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AGRICULTURE REPORT - Genetically Engineered Food Aid

作者:George Grow 发布日期:9-17-2002

This is the VOA Special English AGRICULTURE REPORT.

A food crisis in southern Africa has added to the debate about the use of genetic engineering in agriculture. The United Nations says almost thirteen-million people in southern Africa need emergency food aid. U-N officials have urged other countries to provide food and money. The U-N said only one-fourth of the money needed to provide food assistance has been offered.

Caught in
the middle?
Caught in the middle?

America's top agriculture official reacted to the U-N report with a statement. Agriculture Secretary Ann Veneman noted that the United States is the largest provider of food aid to southern Africa. But Mizz Veneman said opponents of genetically engineered food have limited the ability of the United States to send food.

She accused them of providing "misguided statements about the American food system." She said the goal is to create fear. Mizz Veneman said the food the United States is offering is safe and the same food that Americans eat.

The American official did not name any organization in her statement. But her spokesman gave Greenpeace as an example. Representatives denied the charges.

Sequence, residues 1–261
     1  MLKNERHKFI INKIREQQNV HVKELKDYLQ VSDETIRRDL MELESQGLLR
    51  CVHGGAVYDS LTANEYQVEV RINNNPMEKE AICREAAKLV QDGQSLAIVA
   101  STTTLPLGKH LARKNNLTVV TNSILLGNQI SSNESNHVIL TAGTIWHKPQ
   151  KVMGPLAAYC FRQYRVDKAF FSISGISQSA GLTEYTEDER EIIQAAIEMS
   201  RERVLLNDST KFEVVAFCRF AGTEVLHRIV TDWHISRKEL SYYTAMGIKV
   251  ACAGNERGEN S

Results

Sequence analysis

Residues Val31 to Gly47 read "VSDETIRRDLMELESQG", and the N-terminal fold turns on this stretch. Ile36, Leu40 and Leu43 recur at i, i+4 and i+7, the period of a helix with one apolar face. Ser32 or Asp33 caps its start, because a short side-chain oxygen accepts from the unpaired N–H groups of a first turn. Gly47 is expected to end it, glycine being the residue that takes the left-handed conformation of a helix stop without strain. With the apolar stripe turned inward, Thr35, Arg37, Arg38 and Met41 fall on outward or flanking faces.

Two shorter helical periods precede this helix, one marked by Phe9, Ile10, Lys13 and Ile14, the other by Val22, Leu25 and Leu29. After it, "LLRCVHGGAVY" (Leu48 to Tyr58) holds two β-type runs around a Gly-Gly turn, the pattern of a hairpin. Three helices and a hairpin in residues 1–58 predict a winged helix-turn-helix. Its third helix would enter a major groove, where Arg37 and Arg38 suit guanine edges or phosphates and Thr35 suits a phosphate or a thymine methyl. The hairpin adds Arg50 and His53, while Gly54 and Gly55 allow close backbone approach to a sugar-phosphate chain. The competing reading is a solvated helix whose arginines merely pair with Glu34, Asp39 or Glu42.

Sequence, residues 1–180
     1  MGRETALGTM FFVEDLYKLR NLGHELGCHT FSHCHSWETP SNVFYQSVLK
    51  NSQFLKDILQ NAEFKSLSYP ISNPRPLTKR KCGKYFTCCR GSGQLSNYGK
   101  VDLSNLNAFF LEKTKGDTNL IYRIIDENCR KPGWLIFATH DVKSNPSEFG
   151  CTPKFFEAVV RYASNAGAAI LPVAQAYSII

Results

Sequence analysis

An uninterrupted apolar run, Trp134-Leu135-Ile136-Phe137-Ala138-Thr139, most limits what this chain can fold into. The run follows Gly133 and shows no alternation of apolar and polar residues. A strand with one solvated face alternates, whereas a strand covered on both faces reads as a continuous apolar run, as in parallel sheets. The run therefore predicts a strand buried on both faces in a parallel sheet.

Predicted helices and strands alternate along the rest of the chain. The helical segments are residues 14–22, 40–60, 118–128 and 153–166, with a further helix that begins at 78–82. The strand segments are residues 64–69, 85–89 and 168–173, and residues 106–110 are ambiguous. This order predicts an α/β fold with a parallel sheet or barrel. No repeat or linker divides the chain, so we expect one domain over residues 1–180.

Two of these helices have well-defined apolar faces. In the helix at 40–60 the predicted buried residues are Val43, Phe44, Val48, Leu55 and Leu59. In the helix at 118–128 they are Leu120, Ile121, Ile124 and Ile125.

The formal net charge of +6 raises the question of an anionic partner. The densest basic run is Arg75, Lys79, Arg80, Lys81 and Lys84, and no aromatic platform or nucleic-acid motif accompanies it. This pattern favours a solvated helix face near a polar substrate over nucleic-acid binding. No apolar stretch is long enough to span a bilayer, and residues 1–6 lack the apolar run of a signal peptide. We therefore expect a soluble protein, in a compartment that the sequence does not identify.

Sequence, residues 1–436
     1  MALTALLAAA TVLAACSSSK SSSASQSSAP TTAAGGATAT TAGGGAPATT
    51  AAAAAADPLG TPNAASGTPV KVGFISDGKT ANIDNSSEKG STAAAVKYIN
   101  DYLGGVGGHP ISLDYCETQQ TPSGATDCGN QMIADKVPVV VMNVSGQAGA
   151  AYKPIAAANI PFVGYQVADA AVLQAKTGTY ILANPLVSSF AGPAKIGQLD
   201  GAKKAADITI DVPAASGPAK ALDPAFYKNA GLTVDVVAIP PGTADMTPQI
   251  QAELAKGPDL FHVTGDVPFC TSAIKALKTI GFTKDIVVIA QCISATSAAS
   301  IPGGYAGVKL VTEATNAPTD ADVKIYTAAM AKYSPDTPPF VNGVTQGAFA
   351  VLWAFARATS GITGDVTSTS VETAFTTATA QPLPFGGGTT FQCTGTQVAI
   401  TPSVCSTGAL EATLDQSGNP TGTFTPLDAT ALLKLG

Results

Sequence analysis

Earlier this month, President Robert Mugabe announced that Zimbabwe will accept genetically engineered maize from the U-N World Food Program. This was a change in policy. But in Zambia, President Levy Mwanawasa has called genetically engineered food "poison" and "dangerous."

The Zambian government argues that such food could mix with native crops. It says a genetically engineered crop could threaten Zambian exports. European countries refuse genetically engineered food.

More than two-million people in Zambia need emergency food aid. The president says Zambia can produce enough food to last until December. In Malawi, President Bakili Muluzi said any genetically engineered food aid must be processed, to protect native crops.

Jacques Diouf heads the U-N Food and Agriculture Organization. Mister Diouf says he recognizes there are concerns about possible risks to the environment and to agriculture. But he urged southern African countries to consider scientific information. He says that, based on current knowledge, the food being offered "is not likely to present a human health risk."

This VOA Special English AGRICULTURE REPORT was written by George Grow.

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